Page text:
Fueling a child’s body with the right foods not only supports growth but can establish lifelong eating habits. Kids who do not have a healthy diet as they are growing up can turn into unhealthy teens and adults. Establishing a healthy eating pattern early on is critical for a lifetime of health.

This May Help

Eat Light and Often

Children need to eat more frequently than adults because their stomachs are smaller. Offer your children nutritious snacks in between meals and encourage proper portion control at meals.

Balance

To prevent excess weight gain, encourage regular physical activity and balance portion sizes with calories burned.

Eat as a Family

Studies show that families who eat together provide kids with more nutrition overall. Eating lunch together may be impossible, but aim to eat breakfast and dinner as a family as often as feasible.

Eat Your Veggies

Your kids won’t eat vegetables if they don’t see you eating them. Make sure to model the kind of behavior you want your kids to have. Make eating produce easy: have fresh fruits and veggies on hand and easily accessible so kids will reach for them, and serve a fruit and/or vegetable at every single meal.

Serve Nutrient Rich Foods

Kids need all of their vitamins and minerals to grow properly. Serve foods high in nutritional quality to make sure they are getting everything they need. Focus on making sure your kids are eating foods rich in:

  • iron
  • calcium
  • protein
  • vitamin C
  • fiber

Start giving kids whole grain varieties of grains early on, so that they learn to enjoy them. Incorporate the following into their diet:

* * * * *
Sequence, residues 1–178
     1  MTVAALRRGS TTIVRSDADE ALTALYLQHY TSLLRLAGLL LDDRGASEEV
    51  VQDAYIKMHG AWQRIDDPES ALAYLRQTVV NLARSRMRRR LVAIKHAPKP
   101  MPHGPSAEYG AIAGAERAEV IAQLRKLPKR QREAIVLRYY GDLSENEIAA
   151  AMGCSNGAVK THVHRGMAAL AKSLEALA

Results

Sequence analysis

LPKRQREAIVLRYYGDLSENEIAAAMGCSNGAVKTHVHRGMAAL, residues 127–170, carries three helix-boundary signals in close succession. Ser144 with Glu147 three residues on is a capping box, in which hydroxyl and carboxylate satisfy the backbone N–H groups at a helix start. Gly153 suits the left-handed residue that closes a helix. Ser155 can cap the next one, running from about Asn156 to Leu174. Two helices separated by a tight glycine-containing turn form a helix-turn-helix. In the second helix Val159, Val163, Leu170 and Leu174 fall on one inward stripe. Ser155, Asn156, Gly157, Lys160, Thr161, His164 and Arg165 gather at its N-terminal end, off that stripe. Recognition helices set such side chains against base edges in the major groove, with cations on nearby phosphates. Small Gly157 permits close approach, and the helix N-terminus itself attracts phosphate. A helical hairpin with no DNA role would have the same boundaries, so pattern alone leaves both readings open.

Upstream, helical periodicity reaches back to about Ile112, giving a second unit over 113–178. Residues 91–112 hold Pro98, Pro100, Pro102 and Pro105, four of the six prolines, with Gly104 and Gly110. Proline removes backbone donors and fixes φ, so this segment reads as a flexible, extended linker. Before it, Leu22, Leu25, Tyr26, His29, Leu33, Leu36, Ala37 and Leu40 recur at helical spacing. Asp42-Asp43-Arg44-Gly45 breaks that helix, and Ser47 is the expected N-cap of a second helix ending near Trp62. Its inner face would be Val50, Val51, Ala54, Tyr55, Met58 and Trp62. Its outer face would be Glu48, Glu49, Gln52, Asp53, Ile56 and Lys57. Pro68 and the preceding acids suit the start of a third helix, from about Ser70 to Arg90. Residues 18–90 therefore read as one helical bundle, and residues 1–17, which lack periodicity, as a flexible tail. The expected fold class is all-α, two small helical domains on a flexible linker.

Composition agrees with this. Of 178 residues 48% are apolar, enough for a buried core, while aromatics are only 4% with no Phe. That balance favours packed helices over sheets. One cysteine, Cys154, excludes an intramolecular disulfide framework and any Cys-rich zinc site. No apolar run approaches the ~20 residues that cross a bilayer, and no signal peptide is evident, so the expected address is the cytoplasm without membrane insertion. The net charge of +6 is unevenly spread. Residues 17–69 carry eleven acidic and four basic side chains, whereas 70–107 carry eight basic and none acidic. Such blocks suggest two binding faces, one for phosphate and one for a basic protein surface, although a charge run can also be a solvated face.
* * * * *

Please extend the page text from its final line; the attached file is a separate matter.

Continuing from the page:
• brown rice
  • whole wheat bread
  • whole wheat pasta
  • barley
  • quinoa

Variety

To prevent picky eaters, offer a variety of foods early on and encourage kids to try new foods. Get kids involved in planning, shopping, and cooking of food—you may find that if they are part of the process, they’ll be more likely to eat a variety of foods.

This May Hurt

Clean Your Plate Club

Encouraging kids to always clean their plate leads to overeating at many meals. Let them decide when they’re full. Once they are old enough (about five years), you should even allow them to serve themselves. And give them seconds if they are still hungry.

Filling Up on Juice

Too much fruit juice can be detrimental to your child’s eating habits and health. Your child may “fill up” on juice and not eat other nutritious foods. Juice also is liquid calories and may contribute to too many overall calories. Finally, all the sugar in fruit juices can lead to dental concerns.

For most children, eight ounces of 100% fruit juice should be the daily limit.

Poor Nutrient Quality

Many kids eat too many foods containing high amounts of fat, sugar, and sodium. Always offer nutritious foods first and consider “junk” foods only as an occasional special treat.

Becoming a Short Order Cook

Don’t end up making a special dinner for everyone in the family; picky eaters are created when parents allow their children to dictate what they will and won’t eat

Everyone in the family should be eating the same meal. The only exception is if someone in the family has an allergy. To get children to try new foods, ask them to take at least two to three bites of each food on their plate.

Portion Control

Encourage balance, variety, and moderation in a child’s eating pattern. Teach children what it feels like to be hungry, satisfied, full, and overfull. Encourage eating to satisfaction without overfilling their stomachs.

With special attention on what, when, and how much your child is eating you can raise a healthy eater who will eat a variety of foods at the correct portions for a lifetime.